Far from being aberrations, all of the aforementioned practices are directly linked to cost-cutting, and the cost-cutting imperative is part and parcel of globalization. Corporations that do not cut costs will simply be undercut by those that do. We can therefore see how woefully inadequate is any argument that would claim that the problem occurs primarily at the level of the individual firm, and can therefore be resolved essentially by an appeal to the moral principles of individual managers and firms. To argue in this way is to fail to understand the systemic nature of the problem. Nor, surely, is it an argument that managers of global corporations would make. Even the very largest firms, such as General Motors, IBM, and Eastman Kodak, have experienced the merciless nature of global competition. To fail to reduce costs entails the loss of investor confidence, followed by ousted managements, and thousands of lost jobs. The situation is even worse for workers, who now must face the fact that job cuts are alternately both indicators of corporate failure and a sign of good management practice. Globalization, as a manifestation of economic liberalism, is in fact a system governed by the rule of competition. Firms that fail to cut costs will be undersold and put out of business by those that do. Owners of capital are generally not willing to risk extinction by paying their workers living wages or refusing to introduce cost-cutting technologies.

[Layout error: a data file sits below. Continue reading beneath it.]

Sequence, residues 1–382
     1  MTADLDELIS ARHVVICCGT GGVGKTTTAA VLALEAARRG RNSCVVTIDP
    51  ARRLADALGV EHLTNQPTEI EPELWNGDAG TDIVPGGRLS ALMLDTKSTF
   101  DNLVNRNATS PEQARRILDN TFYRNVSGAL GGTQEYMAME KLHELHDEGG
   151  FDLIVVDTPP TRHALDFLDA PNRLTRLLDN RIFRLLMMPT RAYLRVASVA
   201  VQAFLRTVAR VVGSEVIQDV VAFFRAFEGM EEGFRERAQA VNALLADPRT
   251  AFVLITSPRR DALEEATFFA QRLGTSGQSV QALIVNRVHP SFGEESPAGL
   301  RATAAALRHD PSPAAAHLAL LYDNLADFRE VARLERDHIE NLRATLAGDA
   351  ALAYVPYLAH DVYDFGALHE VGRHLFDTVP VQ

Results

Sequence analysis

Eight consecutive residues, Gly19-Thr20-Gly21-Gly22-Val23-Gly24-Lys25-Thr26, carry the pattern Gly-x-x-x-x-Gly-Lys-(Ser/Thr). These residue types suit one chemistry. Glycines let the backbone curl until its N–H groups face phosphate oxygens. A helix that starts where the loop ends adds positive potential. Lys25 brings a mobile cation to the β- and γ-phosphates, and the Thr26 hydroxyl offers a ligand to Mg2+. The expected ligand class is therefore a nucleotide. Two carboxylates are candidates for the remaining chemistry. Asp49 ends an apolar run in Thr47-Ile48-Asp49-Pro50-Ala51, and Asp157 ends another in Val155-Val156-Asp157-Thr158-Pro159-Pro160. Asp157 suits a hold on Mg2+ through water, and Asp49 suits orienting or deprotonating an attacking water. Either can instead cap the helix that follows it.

Again, what is at issue is not primarily the morals of individual corporate managers or even firms, but a system that is ultimately governed by the pursuit of profit and that disciplines and eventually eliminates firms that fail. A common refrain here is the claim that the profit motive is constitutive of any sound economic system. The claim is not entirely false, but it misses the point. The Church's social teaching affirms profits as part of the economic system, but it is precisely here that the anthropological visions of the Church and contemporary globalization diverge so significantly. In Centesimus Annus, John Paul II clearly affirms the legitimacy of profit, but only in the context of an understanding that "the purpose of a business firm is not simply to make a profit, but is to be found in its very existence as a community of persons who in various ways are endeavoring to satisfy their basic needs and who form a particular group at the service of the whole of society." This implies the commitment on the part of the firm to the common good, which includes a broad range of other goals, such as "a sufficient wage for the support of the family, social insurance for old age and unemployment, and adequate protection for the conditions of employment."(8) No serious analyst of economic globalization in the past twenty years would want to argue that globalization does anything other than render all of these other commitments optional.